Maffesoli specifies the dynamics in which symbolic meaning is created:

In the solitude inherent in all urban areas, the icon is a familiar image that acts as a point of reference and becomes a part of daily life. It is the center of a complex symbolic and concrete order in which everyone has a role to play within the framework of a global stage.”

The icon symbolizing meaning and the media, similar to cults utilizes this to target its audiences. The connotation of territory remains in every tribe formation. Maffesoli’s point in this essay is that a society based on dynamics such as space, body, and feelings “risks seeing its essential values reversed.”

In this unit, we are to find a tribe and research through various methods in order to understand them. So it would be interesting to work with a group that I am completely new to, and learn about their way of life. We often have to do this in design as we are designing for others unlike ourselves.

Mars One

In 2013, I was sitting in a mundane office as a graphic designer trying to figure out why I didn’t enjoy my job. I had a few life changing events happen just a couple years before that and it has completely changed my outlook on life. So as I was clearly (not) doing my job and surfing the internet, I found this project called Mars One who was looking for applications from people all over the world who want to go to Mars in 2022 on a one way trip. I thought for very long about how it would be like, being the first humans to reside outside of Earth but also saying goodbye to everything and everyone on Earth.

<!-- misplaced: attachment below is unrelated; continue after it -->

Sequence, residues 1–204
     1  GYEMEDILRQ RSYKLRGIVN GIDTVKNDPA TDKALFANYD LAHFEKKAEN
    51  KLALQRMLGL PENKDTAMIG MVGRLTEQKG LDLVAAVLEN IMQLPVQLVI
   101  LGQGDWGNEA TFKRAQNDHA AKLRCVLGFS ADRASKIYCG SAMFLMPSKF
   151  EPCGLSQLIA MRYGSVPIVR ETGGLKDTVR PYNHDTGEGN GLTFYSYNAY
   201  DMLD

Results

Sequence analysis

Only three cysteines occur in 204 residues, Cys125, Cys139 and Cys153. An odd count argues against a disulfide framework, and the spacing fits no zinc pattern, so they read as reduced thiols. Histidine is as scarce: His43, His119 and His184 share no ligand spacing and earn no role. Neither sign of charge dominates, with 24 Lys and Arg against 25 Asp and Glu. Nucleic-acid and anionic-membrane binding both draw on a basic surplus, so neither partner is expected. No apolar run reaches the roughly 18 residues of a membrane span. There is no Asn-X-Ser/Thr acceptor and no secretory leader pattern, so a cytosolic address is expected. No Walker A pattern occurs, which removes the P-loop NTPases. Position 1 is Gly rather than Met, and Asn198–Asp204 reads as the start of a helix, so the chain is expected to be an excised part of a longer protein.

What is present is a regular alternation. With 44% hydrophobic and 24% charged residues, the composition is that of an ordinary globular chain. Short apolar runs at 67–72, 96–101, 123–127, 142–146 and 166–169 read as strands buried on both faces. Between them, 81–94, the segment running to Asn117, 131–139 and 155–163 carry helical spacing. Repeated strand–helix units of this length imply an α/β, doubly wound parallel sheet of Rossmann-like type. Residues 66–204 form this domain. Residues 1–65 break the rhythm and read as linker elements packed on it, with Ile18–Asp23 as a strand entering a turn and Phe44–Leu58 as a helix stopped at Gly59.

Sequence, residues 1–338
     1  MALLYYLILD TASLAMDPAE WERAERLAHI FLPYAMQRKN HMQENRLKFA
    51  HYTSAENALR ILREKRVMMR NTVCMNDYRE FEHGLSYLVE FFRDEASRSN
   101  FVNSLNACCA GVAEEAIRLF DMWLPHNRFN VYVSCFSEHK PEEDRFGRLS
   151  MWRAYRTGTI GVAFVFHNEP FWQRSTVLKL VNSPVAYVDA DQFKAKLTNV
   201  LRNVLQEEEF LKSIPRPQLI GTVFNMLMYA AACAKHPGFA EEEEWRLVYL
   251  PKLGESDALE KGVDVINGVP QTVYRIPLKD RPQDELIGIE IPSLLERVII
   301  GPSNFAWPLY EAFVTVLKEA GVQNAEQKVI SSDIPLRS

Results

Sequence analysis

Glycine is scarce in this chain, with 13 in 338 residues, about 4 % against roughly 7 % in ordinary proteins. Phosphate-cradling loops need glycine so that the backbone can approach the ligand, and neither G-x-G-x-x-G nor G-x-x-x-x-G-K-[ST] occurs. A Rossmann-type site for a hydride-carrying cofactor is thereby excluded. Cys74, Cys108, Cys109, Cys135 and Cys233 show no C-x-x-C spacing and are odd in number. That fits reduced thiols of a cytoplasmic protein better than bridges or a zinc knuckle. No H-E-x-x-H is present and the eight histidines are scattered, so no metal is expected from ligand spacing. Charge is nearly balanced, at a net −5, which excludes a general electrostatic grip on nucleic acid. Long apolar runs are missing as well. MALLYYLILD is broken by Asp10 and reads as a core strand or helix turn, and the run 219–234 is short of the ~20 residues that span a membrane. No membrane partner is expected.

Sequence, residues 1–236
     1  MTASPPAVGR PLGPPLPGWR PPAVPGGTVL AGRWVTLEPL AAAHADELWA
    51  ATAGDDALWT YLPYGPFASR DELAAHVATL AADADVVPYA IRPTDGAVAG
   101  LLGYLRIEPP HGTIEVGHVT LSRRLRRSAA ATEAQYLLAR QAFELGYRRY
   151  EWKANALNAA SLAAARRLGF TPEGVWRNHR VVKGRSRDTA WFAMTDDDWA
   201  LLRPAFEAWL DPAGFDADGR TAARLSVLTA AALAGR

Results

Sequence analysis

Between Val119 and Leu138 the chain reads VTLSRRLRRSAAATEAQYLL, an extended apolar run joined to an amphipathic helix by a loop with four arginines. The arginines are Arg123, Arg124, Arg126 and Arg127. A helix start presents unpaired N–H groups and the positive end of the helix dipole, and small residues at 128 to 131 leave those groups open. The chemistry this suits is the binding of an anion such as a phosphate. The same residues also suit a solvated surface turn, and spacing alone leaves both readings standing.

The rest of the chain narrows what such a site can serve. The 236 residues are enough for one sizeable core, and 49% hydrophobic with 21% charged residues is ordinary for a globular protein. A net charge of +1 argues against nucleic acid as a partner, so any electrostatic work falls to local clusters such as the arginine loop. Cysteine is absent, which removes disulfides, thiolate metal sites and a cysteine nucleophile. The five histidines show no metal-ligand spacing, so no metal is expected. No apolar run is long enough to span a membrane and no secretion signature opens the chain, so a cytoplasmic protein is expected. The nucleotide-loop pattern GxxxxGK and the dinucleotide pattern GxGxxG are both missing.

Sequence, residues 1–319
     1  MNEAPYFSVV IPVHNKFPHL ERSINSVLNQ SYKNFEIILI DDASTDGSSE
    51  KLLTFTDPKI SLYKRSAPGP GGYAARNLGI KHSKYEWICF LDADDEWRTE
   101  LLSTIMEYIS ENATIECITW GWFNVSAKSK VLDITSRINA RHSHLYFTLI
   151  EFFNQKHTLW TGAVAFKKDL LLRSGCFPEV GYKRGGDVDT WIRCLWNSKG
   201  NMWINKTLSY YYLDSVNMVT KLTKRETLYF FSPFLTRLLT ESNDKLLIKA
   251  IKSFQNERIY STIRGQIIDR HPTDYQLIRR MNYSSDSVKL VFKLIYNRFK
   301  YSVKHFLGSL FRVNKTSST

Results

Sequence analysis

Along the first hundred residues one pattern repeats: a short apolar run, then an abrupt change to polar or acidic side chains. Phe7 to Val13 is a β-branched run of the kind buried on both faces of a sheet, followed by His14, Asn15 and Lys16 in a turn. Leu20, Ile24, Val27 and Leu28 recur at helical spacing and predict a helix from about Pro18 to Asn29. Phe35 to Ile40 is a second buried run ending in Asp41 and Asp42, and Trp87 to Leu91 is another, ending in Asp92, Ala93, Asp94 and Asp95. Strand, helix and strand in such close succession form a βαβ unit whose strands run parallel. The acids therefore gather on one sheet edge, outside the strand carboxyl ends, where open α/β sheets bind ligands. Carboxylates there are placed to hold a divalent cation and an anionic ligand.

So for this unit, I’ve decided to try to contact Mars One to collaborate with people who have made the top 100 applicants and are preparing for this trip.

Nicolas raised a good point, would it be more of a problematic issue to go through the journey or living there forever?

Secondary Research

First, I did some research online about Mars One and created a timeline based on my findings to try and grasp the concept.

Jan 29 2017 —

  • Several unmanned missions will be completed, establishing a habitable settlement before carefully selected and trained crews will depart to Mars.
  • This mission will be humankind’s first step to become a multiplanetary species
  • Mars One consists of two entities: the Dutch not-for-profit Stichting Mars One (Mars One Foundation) and Swiss publicly trading Mars One Ventures